Once adjunct processor 12 has this information, it can then determine the appropriate call processing. That is, if the ID number is an authorized ID number, the new caller will have the option of interrupting the first call. Otherwise, the call attempted by the new caller is terminated appropriately. If the new caller is authorized, telephony device 20 may be notified automatically of the new call or the new caller may be prompted for information indicating the importance of the incoming call. An announcement may be played to the new caller as follows: "The person you have dialed is currently on the phone with another party and you have been approved to interrupt. Press `1` if your call is important and you wish to interrupt. Press `2` if you want to leave a voice message, or hang up and call back later." Communication station 14 then executes the instructions provided by the adjunct processor 12.

Thus, the present invention allows a subscriber to control which calls-in-progress can be interrupted and which incoming calls can interrupt the specific calls-in-progress. The present invention allows a subscriber to know that a call that does interrupt is important, thereby reducing the annoyance felt by the other party engaged in the original call.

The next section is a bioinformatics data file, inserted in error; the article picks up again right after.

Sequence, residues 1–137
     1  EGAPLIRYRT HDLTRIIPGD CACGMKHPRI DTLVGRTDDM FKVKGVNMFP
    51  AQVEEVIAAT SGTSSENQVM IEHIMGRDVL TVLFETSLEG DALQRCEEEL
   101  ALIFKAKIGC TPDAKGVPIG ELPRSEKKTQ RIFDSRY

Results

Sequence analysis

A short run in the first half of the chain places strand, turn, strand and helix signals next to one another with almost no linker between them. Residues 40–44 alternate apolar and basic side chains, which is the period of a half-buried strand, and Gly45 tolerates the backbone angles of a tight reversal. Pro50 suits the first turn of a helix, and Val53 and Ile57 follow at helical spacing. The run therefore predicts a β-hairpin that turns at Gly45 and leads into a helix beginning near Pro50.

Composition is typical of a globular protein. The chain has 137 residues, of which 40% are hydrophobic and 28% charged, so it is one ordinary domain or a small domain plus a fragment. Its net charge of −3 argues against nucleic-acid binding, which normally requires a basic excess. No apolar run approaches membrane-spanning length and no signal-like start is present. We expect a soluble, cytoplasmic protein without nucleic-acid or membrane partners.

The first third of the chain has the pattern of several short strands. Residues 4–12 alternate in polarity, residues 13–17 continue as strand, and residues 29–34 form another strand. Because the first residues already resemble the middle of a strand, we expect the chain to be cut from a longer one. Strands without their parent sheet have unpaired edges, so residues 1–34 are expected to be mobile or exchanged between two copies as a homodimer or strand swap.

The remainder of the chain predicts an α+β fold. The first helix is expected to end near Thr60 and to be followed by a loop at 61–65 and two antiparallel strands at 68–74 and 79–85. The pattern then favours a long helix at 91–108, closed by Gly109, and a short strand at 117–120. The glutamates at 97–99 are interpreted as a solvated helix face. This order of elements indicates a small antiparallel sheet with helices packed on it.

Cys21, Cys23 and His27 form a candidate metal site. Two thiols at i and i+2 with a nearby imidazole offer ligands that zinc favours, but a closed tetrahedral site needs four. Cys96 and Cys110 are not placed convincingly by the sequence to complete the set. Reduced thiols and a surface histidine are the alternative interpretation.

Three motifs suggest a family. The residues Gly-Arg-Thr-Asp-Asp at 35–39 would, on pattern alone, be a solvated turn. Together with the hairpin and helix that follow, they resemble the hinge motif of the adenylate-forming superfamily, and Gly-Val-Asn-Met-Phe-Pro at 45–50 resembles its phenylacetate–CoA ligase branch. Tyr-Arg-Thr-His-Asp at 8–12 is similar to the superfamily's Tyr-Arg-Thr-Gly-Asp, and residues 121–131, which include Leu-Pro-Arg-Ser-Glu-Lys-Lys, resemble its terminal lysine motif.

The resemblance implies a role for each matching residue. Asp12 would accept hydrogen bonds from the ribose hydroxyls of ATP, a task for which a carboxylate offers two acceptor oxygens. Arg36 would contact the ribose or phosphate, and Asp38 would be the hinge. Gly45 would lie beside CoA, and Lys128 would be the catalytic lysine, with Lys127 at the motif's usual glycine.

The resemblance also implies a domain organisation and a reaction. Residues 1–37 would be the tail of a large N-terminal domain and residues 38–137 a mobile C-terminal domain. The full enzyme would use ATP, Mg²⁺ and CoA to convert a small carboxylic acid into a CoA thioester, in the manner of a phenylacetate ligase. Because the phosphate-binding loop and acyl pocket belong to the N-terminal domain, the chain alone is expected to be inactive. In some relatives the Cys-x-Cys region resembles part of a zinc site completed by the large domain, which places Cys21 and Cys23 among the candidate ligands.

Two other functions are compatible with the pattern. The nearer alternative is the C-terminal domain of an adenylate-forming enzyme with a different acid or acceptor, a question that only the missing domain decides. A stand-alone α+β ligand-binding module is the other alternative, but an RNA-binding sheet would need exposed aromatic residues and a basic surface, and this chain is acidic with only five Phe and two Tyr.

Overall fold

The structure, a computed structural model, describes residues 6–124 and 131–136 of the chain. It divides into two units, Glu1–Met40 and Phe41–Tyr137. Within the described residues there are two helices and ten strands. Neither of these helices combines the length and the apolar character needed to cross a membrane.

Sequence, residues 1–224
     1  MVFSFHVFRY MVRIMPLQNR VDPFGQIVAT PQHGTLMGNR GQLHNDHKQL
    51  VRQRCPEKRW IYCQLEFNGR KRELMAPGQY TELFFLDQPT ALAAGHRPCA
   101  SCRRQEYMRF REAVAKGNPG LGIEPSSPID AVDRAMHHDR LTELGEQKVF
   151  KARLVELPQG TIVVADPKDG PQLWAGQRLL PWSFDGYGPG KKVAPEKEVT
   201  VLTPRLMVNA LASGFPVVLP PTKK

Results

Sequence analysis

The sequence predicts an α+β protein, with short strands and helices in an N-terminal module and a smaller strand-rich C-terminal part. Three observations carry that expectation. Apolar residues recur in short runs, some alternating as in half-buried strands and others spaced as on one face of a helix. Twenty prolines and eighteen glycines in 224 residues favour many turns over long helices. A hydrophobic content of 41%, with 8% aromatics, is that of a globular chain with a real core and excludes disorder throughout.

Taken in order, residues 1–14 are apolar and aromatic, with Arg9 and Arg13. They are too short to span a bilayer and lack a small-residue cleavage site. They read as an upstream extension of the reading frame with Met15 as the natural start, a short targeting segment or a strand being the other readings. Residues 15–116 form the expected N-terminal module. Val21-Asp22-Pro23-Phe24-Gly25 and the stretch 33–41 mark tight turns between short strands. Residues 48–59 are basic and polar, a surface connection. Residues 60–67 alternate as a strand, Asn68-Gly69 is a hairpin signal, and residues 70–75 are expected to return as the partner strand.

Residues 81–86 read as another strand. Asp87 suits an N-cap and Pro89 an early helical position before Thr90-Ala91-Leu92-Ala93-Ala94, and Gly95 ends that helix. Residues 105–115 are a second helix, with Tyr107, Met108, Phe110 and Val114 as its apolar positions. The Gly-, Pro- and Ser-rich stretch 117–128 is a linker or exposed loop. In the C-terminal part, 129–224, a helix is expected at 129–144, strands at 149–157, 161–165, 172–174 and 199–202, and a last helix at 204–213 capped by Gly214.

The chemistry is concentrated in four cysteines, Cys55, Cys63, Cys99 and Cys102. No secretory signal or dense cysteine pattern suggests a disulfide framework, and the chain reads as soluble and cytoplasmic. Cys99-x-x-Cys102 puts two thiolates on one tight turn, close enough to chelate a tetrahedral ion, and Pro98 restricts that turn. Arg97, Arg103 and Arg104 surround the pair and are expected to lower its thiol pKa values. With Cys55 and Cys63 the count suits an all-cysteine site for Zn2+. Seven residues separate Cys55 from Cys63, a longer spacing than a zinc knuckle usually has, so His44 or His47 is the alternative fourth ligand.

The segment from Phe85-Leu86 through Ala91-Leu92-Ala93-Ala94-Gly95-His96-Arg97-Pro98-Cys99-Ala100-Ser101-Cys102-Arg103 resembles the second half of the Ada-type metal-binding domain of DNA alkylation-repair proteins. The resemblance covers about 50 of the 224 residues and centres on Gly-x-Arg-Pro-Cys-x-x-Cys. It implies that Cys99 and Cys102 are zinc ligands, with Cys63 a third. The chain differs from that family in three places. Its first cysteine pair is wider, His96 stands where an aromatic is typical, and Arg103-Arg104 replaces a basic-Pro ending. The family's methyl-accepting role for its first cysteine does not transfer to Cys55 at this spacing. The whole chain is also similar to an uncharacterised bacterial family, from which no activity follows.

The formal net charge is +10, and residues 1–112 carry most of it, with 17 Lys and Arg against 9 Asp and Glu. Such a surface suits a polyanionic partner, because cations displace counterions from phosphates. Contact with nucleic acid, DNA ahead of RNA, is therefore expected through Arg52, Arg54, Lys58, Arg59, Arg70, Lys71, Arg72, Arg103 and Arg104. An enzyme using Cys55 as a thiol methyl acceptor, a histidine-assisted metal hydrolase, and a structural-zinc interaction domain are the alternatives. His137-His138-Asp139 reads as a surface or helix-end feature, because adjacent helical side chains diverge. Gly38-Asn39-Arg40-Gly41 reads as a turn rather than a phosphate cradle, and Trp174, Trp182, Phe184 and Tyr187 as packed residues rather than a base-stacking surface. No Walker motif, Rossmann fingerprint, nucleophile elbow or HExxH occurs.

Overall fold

While the best modes for carrying out the invention have been described in detail, those familiar with the art to which this invention relates will recognize various alternative designs and embodiments, such as a communication station (switch-based) or a CPE implementation, for practicing the invention as defined by the following claims.

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Classifications
U.S. Classification379/215.01, 379/142.04, 379/88.26
International ClassificationH04M1/663, H04M3/428, H04M1/665, H04M3/436, H04M3/20
Cooperative ClassificationH04M1/665, H04M3/436, H04M1/663, H04M3/20, H04M2242/06, H04M3/428
European ClassificationH04M1/663, H04M1/665, H04M3/428, H04M3/20
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Jul 7, 1998ASAssignment
Owner name: MEDIAONE GROUP, INC., COLORADO
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Effective date: 19980612
Owner name: U S WEST, INC., COLORADO
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Sep 25, 1997ASAssignment